There's a Bock Day. An IPA Day. A Stout Day. Probably more that I'm not familiar with. And, nearly every day in every major market, there's some sort of pop-up 4-pack beer release of current hottest and buzziest style.
And then there are Flagships. There have always been Flagships. And, an overwhelming majority of professional brewers and brewery owners will tell you, if they're being truthful, that a successful long-term strategy and vision for a brewery is centered around Flagships. Well-made, identifiable, and dependable. Beers that help build a critical mass of customers that will return for them time and again, dabbling in the creative sidetracks along the way.
That would explain why, when I contacted 28 different breweries (25 local to Philly and 3 out-of-market/national), all but four replied in less than a day to say that they were enthusiastically on board with Flagship February and whatever I needed to support my end of the deal. Some had heard of it, some had not. A few were extremely familiar with the concept.
Quite possibly not, is my hunch. Let's back it up a few weeks.
Flagship February is a "movement", if you will, that really only got off the ground back in the first week of the new year. Instead of retelling the story here (it really isn't all that complicated), please take less than the five minutes required to read the background as told by beer writer (and much more) Steve Beaumont at Taps Magazine. This story over at Forbes and written by Tara Nurin is also a nice primer.
How was that? Pretty cool, eh? Thus far, I've seen very little negative reaction to it. Honestly, this ain't no get-off-my-lawn curmudgeon take on the beer industry. Those of us behind this little project and the many that will get on board love the industry and love the beer in all its many styles and possibilities. It's what many have always professed to love over more single-minded beverages. So whither the Pale Ale, the Stout, the Kolsch, the Pilsner....etc? For the breweries that make them on a regular basis, here they are -- in Flagship February. It's a website; it's a social media movement; it's an opportunity to drink great beer and reacquaint ourselves with some that we may not have enjoyed in far too long.
I mean, really, is there really any difficulty recognizing that longtime flagship beers from landmark breweries can still be very solid and well-made, very enjoyable beers? In today's market of 7,000+ breweries and a non-stop avalanche of new beers hitting the market for the growing segment of short-attention span beer drinkers, it's not unusual to hear something along the lines of "...oh, Sierra Nevada Pale? Solid beer, but can't tell you the last time I had it. Dependable, though. I'll order it if there's nothing else. And it'll always be there...."
Or something like that. Thing is, in the original story that prompted this outreach to Flagship beers, with well-documented black-and-white data that shows declining sales for the ol' tried-and-true, there's no guarantee that they will be forever available. It's a business, man. Can't make something that the market is buying less of.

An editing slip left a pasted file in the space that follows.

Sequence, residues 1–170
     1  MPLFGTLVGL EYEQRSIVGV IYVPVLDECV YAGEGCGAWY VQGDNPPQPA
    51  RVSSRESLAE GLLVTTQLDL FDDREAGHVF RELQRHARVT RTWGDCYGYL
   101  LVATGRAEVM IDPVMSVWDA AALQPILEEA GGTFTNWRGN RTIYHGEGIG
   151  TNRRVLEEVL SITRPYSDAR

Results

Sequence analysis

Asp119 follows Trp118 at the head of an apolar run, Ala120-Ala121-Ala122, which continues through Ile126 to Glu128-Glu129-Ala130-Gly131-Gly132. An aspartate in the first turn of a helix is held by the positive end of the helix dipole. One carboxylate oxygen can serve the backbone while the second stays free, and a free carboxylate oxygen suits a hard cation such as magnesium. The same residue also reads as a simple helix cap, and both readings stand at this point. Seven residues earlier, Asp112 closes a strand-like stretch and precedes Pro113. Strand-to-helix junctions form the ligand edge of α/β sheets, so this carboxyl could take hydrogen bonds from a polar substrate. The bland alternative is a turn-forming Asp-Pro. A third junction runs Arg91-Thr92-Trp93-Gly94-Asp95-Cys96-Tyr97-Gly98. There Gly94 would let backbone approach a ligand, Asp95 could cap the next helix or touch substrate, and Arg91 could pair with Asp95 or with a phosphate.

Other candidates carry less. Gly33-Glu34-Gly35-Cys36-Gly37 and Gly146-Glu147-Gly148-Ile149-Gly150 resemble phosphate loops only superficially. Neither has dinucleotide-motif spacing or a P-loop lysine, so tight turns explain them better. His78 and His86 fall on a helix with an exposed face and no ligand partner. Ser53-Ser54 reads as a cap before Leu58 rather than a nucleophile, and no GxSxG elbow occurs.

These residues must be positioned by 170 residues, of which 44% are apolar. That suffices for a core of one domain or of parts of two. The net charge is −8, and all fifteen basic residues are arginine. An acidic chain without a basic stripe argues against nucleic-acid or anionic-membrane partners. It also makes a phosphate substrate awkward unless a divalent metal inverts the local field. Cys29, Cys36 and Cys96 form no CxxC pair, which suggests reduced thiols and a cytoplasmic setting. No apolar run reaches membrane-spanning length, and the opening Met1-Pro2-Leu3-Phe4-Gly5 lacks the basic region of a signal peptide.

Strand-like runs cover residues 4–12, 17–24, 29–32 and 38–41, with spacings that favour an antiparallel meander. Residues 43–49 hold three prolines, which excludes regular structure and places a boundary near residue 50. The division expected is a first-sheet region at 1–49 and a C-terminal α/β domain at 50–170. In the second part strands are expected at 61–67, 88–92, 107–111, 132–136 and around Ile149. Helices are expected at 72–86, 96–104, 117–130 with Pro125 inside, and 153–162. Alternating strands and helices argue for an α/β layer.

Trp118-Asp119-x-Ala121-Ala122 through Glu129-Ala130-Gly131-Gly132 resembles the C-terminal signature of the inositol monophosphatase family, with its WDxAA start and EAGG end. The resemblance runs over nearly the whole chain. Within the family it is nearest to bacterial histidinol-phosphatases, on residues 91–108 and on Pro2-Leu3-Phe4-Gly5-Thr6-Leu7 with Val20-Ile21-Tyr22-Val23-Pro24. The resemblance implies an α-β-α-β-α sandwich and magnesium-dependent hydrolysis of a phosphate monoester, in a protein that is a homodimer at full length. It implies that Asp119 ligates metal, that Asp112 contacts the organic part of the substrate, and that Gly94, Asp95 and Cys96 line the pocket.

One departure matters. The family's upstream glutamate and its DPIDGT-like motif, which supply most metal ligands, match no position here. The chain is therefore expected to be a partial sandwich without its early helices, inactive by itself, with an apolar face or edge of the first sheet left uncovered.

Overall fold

Back to the long-term strategy. As trends in tastes and consumption change over time, as they always will, when that craze-of-the-day fades, will the brewery have rock-solid beers to fall back on? To introduce and transition their current customers over to?
Enough of the soapbox tutorial; I think you get the points being made here and how they fit into the Flagship February fun.
So you ask, how's this all coming together? What's happening? What's Bryan's role in this?
For starters, FlagshipFebruary.com is a sort of portal into the happenings and stories throughout the month? What are "stories", you ask?
I am honored, truly honored, to be one of 28 writers across the globe who are being featured during the month of February - one writer per day. Our task is to feature a Flagship beer. Could be from a seminal brewery or could be from a younger brewery. Judging from the roster that I see, I'm pretty sure all breweries being covered are at least twenty years old and/or have some historical significance. Regardless, the point is that the story will cover the specific beer, the brewery, the people, the place, some combination of all or some of those, and the value that the sum of it all brings to the brewery and to the industry. There'll be history woven with personal anecdotes.
I'll withhold for the time-being the brewery that I'll be featuring, but I'll share that my date is February 21.
What else am I doing? Well, if you have followed me here long enough, you know that I can't do much in a small way.
Therefore, what you'll see on TheBrewLounge.com is a daily feature of a Flagship beer from eastern PA, southern NJ, or DE. And, I'll keep it all organized in a sort-of Table of Contents over here on this page. For now, I'll only list the styles that I plan to feature and reveal the brewery and beer names as each day passes.
So...you on board with this too?
© Bryan J. Kolesar and The Brew Lounge, 2019. All content is owned and uniquely created by Bryan J. Kolesar. Unauthorized use and/or duplication of this material without express and written permission from Kolesar is strictly prohibited. Excerpts, images, and links may be used with advance permission granted and only provided that full and clear credit is given to Bryan J. Kolesar and The Brew Lounge with appropriate and specific direction to the original content. Contact Kolesar at TheBrewLounge@gmail.com